I have a different experience I want to share. Sure, let them talk and nod and smile, blah, blah, blah. BUT. Scene — my father is in the hospital comatose (due to her negligence) and my elderly mom is there, spinning her incredible, not to be believed tales, and the medical staff are physically forcing my brother and I into the hallway, demanding to know what is wrong with her? Seriously? She is totally insane with Swiss cheese for brains and ER people are asking what is wrong with her? Waiting for a table in a local restaurant she she is telling the overflow crowd lie after lie. They are nodding yet looking to me for proof? Woo-Hoo, folks -Do you have brains? Put on a
thinking cap.

Has the world gone crazy? If somebody in their 90s starts telling others that the man next door sends them codes by turning on the car lights (when it is dark out), time to be a critical thinker.

Even, EVEN the neurologist we went to for her diagnosis of Alzheimer’s believed many of the things she said and was shocked when I had to correct the wild stories.

I fear for the world.
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Reply to lakin1013
Santalynn Jan 29, 2023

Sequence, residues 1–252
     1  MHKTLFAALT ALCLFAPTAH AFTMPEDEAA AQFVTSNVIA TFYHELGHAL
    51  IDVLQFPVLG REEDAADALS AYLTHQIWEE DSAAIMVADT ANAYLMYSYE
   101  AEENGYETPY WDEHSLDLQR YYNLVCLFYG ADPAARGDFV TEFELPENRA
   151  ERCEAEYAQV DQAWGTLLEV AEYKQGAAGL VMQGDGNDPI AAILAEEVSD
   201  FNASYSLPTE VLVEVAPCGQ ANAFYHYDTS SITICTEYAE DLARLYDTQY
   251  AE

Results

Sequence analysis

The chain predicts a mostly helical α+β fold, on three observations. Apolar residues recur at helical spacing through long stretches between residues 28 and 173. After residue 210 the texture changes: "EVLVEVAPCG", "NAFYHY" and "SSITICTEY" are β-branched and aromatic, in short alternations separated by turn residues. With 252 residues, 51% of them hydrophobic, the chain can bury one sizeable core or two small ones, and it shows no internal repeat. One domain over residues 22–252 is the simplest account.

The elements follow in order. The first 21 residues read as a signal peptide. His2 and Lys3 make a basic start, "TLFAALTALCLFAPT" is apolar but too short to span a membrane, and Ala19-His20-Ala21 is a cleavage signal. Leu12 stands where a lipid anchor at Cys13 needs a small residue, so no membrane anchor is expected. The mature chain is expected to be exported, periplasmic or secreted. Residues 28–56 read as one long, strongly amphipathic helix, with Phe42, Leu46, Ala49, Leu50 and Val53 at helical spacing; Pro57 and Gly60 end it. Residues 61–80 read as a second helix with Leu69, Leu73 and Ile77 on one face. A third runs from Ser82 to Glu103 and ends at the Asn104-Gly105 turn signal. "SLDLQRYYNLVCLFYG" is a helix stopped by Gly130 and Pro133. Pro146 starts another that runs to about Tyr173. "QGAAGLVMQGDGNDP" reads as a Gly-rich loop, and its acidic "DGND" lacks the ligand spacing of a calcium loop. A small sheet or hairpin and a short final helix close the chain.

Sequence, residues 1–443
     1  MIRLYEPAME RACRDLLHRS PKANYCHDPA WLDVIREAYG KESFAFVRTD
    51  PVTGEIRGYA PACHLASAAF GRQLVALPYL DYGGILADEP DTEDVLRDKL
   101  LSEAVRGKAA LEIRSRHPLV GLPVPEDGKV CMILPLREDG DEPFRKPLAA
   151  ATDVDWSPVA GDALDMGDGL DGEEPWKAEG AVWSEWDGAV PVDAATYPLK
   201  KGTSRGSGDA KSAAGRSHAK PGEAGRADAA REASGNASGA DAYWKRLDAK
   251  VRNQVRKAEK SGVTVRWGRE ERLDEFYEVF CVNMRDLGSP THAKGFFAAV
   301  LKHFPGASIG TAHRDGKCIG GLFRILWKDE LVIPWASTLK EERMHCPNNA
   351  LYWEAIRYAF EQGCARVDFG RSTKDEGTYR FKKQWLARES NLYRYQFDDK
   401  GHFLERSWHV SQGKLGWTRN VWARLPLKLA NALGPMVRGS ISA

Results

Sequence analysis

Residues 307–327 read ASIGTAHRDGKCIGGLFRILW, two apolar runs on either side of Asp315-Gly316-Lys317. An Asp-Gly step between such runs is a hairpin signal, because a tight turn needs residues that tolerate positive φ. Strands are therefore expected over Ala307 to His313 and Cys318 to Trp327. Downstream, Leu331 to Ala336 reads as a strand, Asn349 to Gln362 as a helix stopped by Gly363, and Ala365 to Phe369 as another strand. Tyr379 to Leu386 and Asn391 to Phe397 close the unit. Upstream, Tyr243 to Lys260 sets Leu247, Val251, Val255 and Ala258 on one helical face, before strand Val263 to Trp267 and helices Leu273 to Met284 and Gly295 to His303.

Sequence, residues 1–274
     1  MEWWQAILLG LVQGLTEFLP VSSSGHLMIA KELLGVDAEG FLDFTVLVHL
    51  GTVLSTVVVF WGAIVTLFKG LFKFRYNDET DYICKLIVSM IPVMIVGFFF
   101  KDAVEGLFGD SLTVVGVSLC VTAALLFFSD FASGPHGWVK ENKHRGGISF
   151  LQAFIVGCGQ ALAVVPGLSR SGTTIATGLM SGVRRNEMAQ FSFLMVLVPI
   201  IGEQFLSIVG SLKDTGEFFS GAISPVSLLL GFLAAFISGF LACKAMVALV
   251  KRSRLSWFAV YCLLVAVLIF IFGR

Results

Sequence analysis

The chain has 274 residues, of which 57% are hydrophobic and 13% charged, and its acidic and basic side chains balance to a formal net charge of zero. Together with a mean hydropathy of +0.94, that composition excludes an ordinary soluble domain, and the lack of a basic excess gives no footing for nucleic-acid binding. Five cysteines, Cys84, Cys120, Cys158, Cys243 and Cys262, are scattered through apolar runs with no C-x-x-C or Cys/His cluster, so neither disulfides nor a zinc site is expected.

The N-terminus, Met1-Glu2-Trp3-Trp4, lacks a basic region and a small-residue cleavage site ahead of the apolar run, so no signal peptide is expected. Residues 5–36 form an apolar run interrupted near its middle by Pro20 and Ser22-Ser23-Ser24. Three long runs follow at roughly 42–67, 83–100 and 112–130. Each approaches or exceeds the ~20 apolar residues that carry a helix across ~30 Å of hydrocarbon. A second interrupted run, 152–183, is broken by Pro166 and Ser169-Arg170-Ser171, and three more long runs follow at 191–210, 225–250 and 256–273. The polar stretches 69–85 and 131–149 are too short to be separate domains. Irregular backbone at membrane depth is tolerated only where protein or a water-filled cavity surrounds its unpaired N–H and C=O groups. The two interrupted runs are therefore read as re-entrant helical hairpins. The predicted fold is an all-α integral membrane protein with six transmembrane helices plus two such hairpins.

'Swiss cheese for brains' is an apt description, sadly. I realized this had become my mom's 'new normal' when chatting on the phone one Sunday. This was back when the little Cuban boy, age 6, was rescued from the ocean and George Bush was running for president. I told mom about the little boy being saved (tho his mother drowned), and mentioned it was an election year. My mom replied, "WHO would want a 6-year old President?" It was heartbreakingly funny; I agreed, "You're right, mom, who would want a 6yr old for president!" (cue the irony re Bush, but I digress.) That exchange with my mom told me her brain could no longer function, make proper connections, etc. That's when you must stop trying to make Them 'make sense.' Any sort of clarity comes and goes until it goes forever. To me it really was like a regression into infantile helplessness and inability to reason/think. It's like the old bad joke, "The light is on but nobody's home." Be compassionate but don't make yourself crazy trying to fight this progressive illness, making the afflicted understand because they simply cannot. It's not personal.